According to the Oxford Dictionaries the word of the year for 2015 is not a word at all but an emoji, specifically the ‘Face with Tears of Joy’:

Face with Tears of Joy emoji

Do you use emoji(s)?

Is the plural emoji or emojis?

Do you think of them as words?

What’s your word of the year?

English, Language, Words and phrases 3 Comments

La vie de baguette

The best-known type of French bread is the baguette, which was possibly introduced to France in the early 19th century by August Zang from Austria, though that’s another story.

Baguettes only stay fresh for a day, so what do you do with them once they start to go hard?

Here are a few possibilities:

La vie de baguette - a cartoon showing ways in which the French use their baguettes

Here’s a translation:

1. First Day: sliced with butter, sandwich
2. Second Day: toast
3. Third Day: French toast (“lost bread”)
4. Fourth Day: croutons, crumbs for the pigeons
5. Fifth Day: hammer, golf club

Image supplied by Frantastique, who can teach you all about the bizarre French cuisine, and help you to learn French.

I was told that if your baguette is a bit stale you can revive it by sprinkling a bit of water on slices and blasting them in a microwave for a short while. I haven’t tried this as I’m am microwaveless.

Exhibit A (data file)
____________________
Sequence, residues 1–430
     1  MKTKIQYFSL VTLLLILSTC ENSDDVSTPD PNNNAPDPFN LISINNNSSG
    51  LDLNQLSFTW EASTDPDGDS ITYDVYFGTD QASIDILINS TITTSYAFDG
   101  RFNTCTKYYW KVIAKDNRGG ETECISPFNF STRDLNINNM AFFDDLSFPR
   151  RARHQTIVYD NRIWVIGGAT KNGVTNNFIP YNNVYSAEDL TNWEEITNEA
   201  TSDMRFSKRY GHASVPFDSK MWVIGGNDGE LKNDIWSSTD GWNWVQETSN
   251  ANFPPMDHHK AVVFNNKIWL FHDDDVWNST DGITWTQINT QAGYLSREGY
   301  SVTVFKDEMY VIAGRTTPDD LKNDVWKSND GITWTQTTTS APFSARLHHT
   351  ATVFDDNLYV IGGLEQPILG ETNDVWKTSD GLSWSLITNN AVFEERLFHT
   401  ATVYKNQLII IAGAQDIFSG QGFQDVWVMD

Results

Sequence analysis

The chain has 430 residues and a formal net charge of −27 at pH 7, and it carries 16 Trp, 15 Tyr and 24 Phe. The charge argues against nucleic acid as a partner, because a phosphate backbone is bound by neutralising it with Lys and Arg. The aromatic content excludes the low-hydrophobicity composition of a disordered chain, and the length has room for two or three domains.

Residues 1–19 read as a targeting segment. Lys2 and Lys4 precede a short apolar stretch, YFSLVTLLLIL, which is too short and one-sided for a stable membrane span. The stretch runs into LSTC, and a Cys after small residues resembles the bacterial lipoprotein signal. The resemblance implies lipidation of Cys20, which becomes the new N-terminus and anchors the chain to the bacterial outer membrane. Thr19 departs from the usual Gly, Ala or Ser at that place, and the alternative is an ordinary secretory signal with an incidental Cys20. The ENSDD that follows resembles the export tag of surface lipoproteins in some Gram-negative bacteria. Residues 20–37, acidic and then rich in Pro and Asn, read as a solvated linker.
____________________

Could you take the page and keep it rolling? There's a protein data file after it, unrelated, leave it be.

The French word baguette can also refer to:

– a magic wand = baguette magique; baguette de fée; baguette de sourcler
– chopsticks = baguettes chinoises
– conductor’s baton = baguette de direction; baguette de chef d’orchestre
– a drumstick = baguette de tambour

Expressions incorporating baguette include:

– sous la baguette de … = conducted by …
– faire marcher qn à la baguette = to rule sb with an iron hand

What are baguettes called in your country?

English, French, Language 9 Comments

Language quiz

Language quiz image

Here’s a recording in a mystery language.

Can you identify the language, and do you know where it’s spoken?

Language 9 Comments

Free Language Podcast